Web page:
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President Trump mulls reduction of U.S. troops in South Korea

President Trump mulls reduction of U.S. troops in South Korea

Posted January. 22, 2019 07:44,   

Updated January. 22, 2019 07:44


It appears that Washington will likely press head with a partial pull-out or a reduction of U.S. ground forces (infantry combat units) stationed in South Korea as a gambit to pressure Seoul over the defense cost sharing talks between the two countries. Since 2008, a total 28,500 soldiers are staying in South Korea. The size of U.S. troops stationed in Korea is the third largest that Washington currently deploys abroad, following the American forces in Japan and in Germany.

The army unit takes up the largest portion with 18,500 soldiers, with 8,500 air forces and navy soldier and marine corps forming the rest. “The target for force reduction was mostly ground troops in the past,” said a military source. “Reduction will take place primarily in the Second Infantry Division.”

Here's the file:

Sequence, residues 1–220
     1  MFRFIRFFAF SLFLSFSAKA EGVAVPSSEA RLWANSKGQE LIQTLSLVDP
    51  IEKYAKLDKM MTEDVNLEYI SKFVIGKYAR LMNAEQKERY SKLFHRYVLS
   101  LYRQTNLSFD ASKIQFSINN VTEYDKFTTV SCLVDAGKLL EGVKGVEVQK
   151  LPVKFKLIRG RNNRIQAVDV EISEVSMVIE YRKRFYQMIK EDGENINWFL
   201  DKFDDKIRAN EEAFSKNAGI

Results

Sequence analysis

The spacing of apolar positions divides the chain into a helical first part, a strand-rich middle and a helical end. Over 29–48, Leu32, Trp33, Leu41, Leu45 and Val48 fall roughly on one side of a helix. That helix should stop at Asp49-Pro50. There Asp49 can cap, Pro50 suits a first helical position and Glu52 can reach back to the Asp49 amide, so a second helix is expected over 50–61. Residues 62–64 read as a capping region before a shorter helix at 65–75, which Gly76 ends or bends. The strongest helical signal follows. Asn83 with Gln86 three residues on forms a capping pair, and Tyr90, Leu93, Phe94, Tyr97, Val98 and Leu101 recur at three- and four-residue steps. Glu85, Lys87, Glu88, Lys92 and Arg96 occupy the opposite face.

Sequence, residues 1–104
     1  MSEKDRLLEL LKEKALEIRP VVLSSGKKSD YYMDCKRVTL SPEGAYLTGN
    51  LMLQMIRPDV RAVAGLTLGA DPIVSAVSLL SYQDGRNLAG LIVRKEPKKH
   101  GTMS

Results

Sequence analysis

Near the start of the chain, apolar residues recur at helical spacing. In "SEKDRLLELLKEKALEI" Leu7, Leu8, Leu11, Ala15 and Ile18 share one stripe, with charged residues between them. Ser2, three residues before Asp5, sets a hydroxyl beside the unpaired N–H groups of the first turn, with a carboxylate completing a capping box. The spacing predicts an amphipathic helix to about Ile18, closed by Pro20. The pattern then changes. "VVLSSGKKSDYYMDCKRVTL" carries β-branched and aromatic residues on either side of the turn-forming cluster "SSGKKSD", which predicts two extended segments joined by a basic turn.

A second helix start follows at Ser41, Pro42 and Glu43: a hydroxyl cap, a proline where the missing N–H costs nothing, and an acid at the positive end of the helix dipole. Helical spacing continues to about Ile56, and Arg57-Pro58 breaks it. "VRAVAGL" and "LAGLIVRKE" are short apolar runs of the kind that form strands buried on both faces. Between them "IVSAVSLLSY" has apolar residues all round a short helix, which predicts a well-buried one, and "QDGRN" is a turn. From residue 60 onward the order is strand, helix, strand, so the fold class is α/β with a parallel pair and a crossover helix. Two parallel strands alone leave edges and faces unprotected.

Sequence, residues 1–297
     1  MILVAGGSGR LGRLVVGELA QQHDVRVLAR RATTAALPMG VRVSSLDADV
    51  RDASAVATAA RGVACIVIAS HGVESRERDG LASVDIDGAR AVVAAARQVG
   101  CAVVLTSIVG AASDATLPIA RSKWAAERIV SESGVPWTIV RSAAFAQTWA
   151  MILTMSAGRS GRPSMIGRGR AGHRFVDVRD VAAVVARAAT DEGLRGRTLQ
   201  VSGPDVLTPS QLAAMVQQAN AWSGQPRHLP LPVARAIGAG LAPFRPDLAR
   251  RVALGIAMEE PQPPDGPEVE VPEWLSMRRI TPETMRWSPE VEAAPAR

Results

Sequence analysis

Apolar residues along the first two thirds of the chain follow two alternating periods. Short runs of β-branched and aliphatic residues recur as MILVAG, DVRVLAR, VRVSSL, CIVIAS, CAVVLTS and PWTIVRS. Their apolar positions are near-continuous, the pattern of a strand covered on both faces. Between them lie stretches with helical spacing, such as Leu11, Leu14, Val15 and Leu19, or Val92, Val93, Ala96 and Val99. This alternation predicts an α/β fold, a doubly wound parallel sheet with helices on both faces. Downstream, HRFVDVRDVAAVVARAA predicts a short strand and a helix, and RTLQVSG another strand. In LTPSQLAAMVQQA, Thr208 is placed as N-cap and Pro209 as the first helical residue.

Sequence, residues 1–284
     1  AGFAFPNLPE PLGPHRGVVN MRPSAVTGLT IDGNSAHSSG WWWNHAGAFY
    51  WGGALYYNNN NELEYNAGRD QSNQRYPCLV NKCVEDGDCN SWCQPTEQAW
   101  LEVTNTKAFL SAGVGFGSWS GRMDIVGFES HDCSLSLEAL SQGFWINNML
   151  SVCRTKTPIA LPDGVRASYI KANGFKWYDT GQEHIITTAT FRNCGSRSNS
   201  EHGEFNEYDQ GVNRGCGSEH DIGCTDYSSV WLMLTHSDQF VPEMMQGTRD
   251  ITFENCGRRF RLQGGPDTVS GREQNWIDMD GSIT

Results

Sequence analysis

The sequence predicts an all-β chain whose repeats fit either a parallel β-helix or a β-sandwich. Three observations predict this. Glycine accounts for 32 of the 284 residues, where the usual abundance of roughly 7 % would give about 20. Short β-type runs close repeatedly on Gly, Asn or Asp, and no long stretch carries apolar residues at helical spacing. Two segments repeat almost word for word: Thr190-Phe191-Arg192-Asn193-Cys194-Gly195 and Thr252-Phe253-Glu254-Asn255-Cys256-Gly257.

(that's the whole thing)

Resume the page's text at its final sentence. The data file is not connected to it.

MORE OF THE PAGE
In fact, a rotating deployment of a combat brigade (5,000 soldiers) under the Second Infantry Division is considered as a possible method for reduction. Since 2004, the United States military has dispatched its infantry units to the second division on the Korean Peninsula every six to nine months. Only the troop soldiers are replaced with the armory such as tanks and multiple rockets staying in South Korea. If President Trump decides to delay or suspend the rotating dispatchment of those infantry soldiers, the amount of U.S. forces in South Korea will drop to 23,500. Another potential scenario is to delay rotation until Seoul accepts Washington’s proposal on cost sharing arrangements.

The National Defense Authorization Act (NDAA), which passed the U.S. Congress in August last year, stipulates that the number of U.S. forces stationed in South Korea should not be cut below 22,000. Some argue that Mr. Trump might cut it down to 22,000 should he choose to. “We cannot exclude the plausibility where President Trump will make a sizable cut in the ground forces in South Korea as a way to make progress in the denuclearization talks with Pyongyang and to reach a better deal for the cost-sharing talks,” said a military official.

Sang-Ho Yun ysh1005@donga.com